The Queen's Theatre, Long Acre, London
Formerly - St. Martin's Hall / St. Martin's Music Hall
Above - The building which now stands on the site of the Queen's Theatre, Long Acre in October 2011 - Photo M.L.
The Queen's Theatre, Longacre opened on the 17th of October 1867 and was a conversion of the former St. Martin's Music Hall which had stood on the site since 1850. The Music Hall which could accommodate some 3,000 people was itself a reconstruction of part of the former St. Martin's Hall which was built in 1847 by William Cubitt and designed in the Elizabethan style by Westmacott and could accommodate some 4,000 people before its conversion. There is more on the St. Martin's Music Hall below.
The conversion of the old Music Hall into the Queen's Theatre was carried out by the well known Theatre Architect C. J. Phipps who had the entire building gutted and used only the exterior walls for the creation of his new Theatre. The Queen's opened with a production of 'The Lady with the Lamp' and a glittering cast including J. L. Toole, Henry Irving, Lionel Brough, Alfred Wigan, Clayton, Emery Henrietta Hodson, and Mrs. Labouchere.
The ERA published a report on the newly built Theatre shortly before it opened in its 6th of October 1867 edition saying: The large building in Long-acre, nearly facing Bow-street, so long known to choral societies and the public as St. Martin's Hall, will be re-opened on the 17th of this month, without fail an elegant and commodious Theatre with the above title, under the experienced Lesseeship of Mr. Alfred Wigan. The building has been completely gutted, from basement to roof; only the outside walls and covering remaining, so that it is de facto, a new Theatre, and one which will in every way sustain the reputation of the architect, Mr. C. J. Phipps, F.S.A. who has already erected large and important Theatres at the following provincial towns: - Nottingham, South Shields, Brighton, Swansea, and Bristol. This will be the fourth new playhouse (if we include St. George's Hall, Regent-street) built and opened within the last twelve months, attention having been directed to this branch of enterprise by the recent theatrical free-trade agitation.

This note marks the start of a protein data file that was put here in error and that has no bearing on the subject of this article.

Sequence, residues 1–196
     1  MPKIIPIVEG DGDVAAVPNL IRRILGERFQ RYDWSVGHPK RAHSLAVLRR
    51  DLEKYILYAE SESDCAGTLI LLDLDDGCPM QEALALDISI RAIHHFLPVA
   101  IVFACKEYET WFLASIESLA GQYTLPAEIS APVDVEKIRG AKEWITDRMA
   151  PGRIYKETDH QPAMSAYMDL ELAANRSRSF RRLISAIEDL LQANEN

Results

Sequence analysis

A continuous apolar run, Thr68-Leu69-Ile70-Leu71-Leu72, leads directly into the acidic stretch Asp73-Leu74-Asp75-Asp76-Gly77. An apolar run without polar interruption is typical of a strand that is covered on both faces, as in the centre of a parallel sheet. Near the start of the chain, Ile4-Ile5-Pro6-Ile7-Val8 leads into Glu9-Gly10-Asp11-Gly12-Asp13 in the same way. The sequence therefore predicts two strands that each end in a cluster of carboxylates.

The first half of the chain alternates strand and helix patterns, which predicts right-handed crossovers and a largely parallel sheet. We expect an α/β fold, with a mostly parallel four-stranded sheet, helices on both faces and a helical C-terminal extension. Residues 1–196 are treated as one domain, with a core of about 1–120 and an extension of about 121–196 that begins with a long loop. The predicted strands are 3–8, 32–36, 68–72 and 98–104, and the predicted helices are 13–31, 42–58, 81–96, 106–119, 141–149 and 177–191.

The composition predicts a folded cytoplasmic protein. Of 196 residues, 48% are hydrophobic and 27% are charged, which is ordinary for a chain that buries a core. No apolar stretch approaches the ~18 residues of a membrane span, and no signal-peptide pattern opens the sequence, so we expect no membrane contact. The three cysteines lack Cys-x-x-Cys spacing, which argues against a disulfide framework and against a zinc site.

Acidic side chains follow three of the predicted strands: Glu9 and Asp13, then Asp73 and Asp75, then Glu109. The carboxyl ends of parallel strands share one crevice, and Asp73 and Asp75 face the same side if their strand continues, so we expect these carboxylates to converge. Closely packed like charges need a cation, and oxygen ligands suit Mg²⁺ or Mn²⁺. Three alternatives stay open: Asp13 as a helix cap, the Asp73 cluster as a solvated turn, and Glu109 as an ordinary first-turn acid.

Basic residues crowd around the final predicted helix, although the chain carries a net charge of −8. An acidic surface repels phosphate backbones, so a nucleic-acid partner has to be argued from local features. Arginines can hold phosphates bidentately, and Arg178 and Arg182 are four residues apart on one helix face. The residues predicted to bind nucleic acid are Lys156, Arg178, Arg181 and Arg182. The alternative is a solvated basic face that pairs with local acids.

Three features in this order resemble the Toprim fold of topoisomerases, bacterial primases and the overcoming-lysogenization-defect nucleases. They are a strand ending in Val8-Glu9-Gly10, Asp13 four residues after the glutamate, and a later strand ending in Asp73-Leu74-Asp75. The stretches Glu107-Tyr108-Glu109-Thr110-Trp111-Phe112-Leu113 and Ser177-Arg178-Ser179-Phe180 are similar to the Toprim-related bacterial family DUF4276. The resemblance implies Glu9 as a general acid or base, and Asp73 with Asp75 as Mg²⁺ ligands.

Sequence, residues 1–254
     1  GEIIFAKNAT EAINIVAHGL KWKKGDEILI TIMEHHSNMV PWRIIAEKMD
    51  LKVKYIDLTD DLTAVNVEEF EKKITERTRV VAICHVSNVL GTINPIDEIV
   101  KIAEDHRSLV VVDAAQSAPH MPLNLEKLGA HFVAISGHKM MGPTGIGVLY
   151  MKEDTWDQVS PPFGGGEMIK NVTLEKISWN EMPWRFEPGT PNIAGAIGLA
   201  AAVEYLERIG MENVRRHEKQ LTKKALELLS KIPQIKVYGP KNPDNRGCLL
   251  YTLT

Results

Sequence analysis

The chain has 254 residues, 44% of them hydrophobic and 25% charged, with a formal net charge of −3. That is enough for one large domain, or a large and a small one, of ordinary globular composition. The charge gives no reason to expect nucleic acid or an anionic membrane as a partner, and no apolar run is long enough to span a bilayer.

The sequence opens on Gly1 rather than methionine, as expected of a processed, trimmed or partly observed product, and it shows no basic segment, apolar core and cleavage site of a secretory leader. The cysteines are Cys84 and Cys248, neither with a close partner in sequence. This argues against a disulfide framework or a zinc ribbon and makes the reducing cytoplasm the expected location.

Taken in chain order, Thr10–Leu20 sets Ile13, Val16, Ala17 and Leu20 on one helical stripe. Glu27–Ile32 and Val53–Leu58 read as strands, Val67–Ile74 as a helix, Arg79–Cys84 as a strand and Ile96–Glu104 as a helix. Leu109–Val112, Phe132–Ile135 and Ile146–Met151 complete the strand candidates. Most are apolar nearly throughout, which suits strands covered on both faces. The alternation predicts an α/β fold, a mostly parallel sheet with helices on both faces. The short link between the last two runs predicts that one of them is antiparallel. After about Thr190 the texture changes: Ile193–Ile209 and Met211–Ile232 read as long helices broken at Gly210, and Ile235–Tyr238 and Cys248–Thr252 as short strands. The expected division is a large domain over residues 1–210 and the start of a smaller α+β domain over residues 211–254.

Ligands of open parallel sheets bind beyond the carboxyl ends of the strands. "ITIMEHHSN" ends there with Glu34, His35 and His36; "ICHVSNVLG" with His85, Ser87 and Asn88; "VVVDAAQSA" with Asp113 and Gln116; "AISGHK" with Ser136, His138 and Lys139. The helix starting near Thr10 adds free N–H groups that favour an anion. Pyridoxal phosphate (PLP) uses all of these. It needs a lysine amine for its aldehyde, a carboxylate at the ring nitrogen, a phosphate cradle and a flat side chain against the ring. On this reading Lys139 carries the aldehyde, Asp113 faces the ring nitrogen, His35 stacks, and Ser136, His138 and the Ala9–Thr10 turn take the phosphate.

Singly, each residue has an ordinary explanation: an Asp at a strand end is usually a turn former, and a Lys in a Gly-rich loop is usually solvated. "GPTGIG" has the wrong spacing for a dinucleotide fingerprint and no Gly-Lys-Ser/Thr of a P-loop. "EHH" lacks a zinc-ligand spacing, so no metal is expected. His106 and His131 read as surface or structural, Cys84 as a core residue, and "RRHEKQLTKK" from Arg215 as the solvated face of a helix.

The entrances of the new Theatre are numerous, and conveniently situated in separate streets.
The principal entrance, leading to the stalls and two tiers of boxes, is in Long-acre, through a loggia, opening by swing doors into a grand vestibule (part of the original hall), forty-two feet by twenty-two feet, immediately facing which is the grand staircase, which is one of the finest in London - a double flight of stairs, six feet wide, leading to the boxes. The stalls have a separate approach by a few steps, and an incline under the pit, without ascending the staircase. The entrances to pit and gallery are in Wilson-street; where, also, at some distance apart, is the royal entrance, opening immediately upon a private staircase to the Royal box on the grand tier, and forming also, on ordinary occasions, an exit way from the stalls, level with the street. This feature requires special notice, as Wilson-street, being out of the traffic of the main streets adjoining, will be admirably adapted for carriages taking up, and greatly facilitate the speedy exit of a large audience. The entrance to the stage is in Charles-street.
Above - The auditorium and stage of the Queen's Theatre, Longacre - From the magazine 'Theatre World' published in February 1956.